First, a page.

June is PTSD Awareness Month

 

June is National PTSD Awareness month!  It isn’t just the person with PTSD that is living with it, but all those with whom they come in contact, including loved ones, friends, co-workers and even people they meet casually in the everyday course of life.  In honor of those who struggle with PTSD, I wanted to share information on trauma, the statistics about PTSD, some PTSD symptoms, the connection to stress and short-term and long-term therapies that might help ease the stress associated with it for all concerned.

 

Trauma Types & Stats

Traumas come in all forms and are perceived as traumatic by the individual person.  What may be traumatic to one person isn’t traumatic to another.  Being embarrassed in front of your 5th grade class because you were pressured into giving an oral book report that you weren’t prepared for can be traumatic.  It is called a Little-T trauma which makes you feel bad about yourself, affect your self-esteem, and may create a fear or phobia.  Big-T traumas are when there is a fear of bodily harm or death.  Bad car accidents, rape, armed combat and other violent experiences that are considered to be shocking and dangerous fall into this category and are the most likely to cause PTSD.

About 60% of all men and 50% of all women experience at least one Big-T trauma in their lives.  More likely traumatic experiences for men are physical assault, witnessing a death or injury, accidents or combat.  Child sexual abuse and adult sexual assault are more likely traumas that women will experience.

About 7-8% of all people will experience PTSD at some point in their lives which translates to about 8 million adults per year and women are twice as likely to develop it than men.

After years of doubt by both the public and mental health professionals, in 1980 PTSD was acknowledged as a disorder with specific symptoms and was added to the American Psychiatric Association’s Diagnostic and Statistical Manual of Mental Disorders

 

Symptoms

Symptoms of PTSD can be:

  • Flashbacks – the person may freeze and be “somewhere else” and unresponsive to normal stimulation.
  • Anger – used as a survival instinct or related to feeling betrayed or being a victim of an event.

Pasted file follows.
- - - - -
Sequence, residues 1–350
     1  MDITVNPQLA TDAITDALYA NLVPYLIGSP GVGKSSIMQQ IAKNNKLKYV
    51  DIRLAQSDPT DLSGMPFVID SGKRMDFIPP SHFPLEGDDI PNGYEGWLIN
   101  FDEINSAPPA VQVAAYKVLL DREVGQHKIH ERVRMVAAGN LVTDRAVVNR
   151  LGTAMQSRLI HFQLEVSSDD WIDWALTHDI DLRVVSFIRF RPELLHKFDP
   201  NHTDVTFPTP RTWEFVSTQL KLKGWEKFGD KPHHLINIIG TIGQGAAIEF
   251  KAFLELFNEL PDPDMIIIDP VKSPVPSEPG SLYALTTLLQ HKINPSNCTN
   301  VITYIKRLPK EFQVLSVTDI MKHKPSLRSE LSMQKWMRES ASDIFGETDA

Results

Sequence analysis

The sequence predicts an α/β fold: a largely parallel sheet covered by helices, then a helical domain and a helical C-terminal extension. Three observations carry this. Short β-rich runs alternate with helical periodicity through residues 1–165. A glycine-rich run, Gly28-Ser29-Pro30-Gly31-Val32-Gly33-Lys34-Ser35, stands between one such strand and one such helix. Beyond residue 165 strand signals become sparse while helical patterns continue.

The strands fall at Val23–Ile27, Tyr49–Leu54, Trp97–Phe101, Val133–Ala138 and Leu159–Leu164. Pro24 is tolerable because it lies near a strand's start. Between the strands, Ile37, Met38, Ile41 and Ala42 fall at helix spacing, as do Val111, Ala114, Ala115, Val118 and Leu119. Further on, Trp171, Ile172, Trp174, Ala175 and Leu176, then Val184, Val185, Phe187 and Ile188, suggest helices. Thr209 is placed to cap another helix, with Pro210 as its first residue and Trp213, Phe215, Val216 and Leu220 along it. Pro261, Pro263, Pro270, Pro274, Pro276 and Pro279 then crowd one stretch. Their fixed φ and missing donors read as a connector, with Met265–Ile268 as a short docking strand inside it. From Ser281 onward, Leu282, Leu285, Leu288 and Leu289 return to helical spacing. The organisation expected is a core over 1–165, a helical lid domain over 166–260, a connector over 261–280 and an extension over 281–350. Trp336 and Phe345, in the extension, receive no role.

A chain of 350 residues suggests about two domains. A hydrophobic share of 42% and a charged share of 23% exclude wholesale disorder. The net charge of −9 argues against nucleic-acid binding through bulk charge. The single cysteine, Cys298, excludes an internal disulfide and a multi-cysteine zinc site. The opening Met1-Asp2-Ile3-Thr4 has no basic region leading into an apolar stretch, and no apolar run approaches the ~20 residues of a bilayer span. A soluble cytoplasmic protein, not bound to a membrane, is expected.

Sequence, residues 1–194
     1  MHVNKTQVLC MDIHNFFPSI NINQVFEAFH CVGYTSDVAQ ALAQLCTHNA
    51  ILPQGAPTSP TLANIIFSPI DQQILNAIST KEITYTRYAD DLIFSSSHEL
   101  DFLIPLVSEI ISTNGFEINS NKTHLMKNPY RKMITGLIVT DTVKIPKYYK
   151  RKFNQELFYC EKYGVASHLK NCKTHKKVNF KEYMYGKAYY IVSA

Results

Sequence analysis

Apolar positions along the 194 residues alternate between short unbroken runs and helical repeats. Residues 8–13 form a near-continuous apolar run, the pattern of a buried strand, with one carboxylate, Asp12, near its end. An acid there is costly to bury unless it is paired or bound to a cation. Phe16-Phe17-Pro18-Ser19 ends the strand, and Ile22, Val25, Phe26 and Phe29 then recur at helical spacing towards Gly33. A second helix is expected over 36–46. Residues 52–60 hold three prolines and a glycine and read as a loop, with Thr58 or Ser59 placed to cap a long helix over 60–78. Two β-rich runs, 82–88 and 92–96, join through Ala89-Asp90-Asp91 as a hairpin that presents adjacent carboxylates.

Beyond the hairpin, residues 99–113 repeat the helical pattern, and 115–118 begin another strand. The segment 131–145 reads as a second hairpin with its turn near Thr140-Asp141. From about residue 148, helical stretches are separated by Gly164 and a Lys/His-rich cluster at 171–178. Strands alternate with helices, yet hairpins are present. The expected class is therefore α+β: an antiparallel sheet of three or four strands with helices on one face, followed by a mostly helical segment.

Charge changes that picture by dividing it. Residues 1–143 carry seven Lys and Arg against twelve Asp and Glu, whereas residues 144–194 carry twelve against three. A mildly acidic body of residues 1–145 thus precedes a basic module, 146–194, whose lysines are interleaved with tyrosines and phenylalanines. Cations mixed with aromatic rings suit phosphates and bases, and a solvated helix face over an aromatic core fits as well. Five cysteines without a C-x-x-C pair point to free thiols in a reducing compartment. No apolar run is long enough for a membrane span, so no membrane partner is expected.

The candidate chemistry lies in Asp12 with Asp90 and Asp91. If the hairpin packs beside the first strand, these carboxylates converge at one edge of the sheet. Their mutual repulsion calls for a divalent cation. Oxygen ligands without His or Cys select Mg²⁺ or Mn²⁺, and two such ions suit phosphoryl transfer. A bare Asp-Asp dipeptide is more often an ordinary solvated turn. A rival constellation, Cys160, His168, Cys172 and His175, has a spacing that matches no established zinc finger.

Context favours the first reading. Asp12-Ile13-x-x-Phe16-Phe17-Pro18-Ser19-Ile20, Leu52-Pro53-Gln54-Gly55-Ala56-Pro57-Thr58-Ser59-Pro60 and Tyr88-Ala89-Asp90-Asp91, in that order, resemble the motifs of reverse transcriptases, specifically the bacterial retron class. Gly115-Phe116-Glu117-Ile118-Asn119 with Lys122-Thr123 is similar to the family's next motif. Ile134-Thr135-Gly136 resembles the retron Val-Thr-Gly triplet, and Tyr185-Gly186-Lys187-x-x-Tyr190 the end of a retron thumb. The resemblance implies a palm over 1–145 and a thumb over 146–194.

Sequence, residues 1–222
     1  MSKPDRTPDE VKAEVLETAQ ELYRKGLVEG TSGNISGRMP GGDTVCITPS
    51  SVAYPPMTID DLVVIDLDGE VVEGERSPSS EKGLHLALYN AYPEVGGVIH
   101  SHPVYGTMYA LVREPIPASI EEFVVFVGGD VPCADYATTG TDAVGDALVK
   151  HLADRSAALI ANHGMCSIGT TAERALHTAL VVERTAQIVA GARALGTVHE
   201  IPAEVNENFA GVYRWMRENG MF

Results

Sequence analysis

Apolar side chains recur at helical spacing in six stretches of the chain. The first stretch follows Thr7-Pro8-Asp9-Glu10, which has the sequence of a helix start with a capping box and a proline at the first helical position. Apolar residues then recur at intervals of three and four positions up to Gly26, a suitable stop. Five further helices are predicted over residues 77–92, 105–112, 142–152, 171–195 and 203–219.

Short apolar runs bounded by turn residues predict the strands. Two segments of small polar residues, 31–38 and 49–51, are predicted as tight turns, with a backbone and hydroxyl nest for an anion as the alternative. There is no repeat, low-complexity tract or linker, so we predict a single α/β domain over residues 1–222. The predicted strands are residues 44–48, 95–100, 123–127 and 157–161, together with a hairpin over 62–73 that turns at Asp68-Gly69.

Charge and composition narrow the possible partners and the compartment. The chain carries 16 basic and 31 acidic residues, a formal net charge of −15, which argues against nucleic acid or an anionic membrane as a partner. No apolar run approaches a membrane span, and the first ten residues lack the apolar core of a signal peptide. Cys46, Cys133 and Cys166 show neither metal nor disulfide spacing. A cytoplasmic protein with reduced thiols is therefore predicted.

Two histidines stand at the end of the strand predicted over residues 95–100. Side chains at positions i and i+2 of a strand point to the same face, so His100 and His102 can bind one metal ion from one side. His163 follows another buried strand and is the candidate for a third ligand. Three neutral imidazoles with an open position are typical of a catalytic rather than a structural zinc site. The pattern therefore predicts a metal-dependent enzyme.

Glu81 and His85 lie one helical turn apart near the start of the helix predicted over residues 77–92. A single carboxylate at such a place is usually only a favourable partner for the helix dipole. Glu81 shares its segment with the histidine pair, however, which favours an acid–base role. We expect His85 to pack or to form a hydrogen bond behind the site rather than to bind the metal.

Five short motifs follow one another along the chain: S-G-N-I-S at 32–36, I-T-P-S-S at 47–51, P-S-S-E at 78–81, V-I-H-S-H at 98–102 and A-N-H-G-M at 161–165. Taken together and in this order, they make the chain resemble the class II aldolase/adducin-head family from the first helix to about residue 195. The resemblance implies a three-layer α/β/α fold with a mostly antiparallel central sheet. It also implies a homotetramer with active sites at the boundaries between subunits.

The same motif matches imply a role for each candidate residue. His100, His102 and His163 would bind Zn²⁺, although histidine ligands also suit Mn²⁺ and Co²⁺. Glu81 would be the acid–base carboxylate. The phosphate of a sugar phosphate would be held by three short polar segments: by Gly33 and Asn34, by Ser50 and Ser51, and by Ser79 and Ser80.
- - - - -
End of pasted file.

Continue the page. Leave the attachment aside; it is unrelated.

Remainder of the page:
• Depression – 3 to 5 times more likely in those with PTSD and may lead to suicide.
  • Chronic pain – from an injury during the trauma or emotional connection to it results in body pain.
  • Sleep problems – may have trouble falling asleep, staying asleep and/or have nightmares.
  • Substance abuse – turn to drinking or drugs or other substances. They are trying to eliminate emotional pain.
  • Suicide – if treatments don’t work, it is seen as the only way out of their mental and emotional pain.
  • Grief – the traumatic experience may have resulted in a loss of a loved one or the loss of the way the person used to be.  This loss is what they are grieving.
  • Chronic Anxiety – always feeling “on guard”, hypervigilant, fearful and they can’t relax.
  • Poor relationships – they may withdraw from those that they were close to.  The relationship may experience increased conflict and a distrust those close to them.  Intimacy suffers.

 

PTSD Connection to Stress

PTSD is connected to stress.  All of the symptoms listed above create a stress reaction.  Flashbacks contribute to stress in the body because any time that we recall a traumatic experience, our bodies and minds are reliving it and react just like we were there.  When someone is angry, they are stressed.  If they are in pain, their body is stressed, and thoughts about the pain are stressful.  Lack of sleep stresses the body and the fear of nightmares is stressful.  When a person is stressed, they turn to a substance that makes them feel better.  Conflict in relationships, and always feeling on guard contributes to stress.  Therefore, people with PTSD are in a constant state of stress which negatively affects their mental, emotional and physical well-being.

 

PTSD Treatments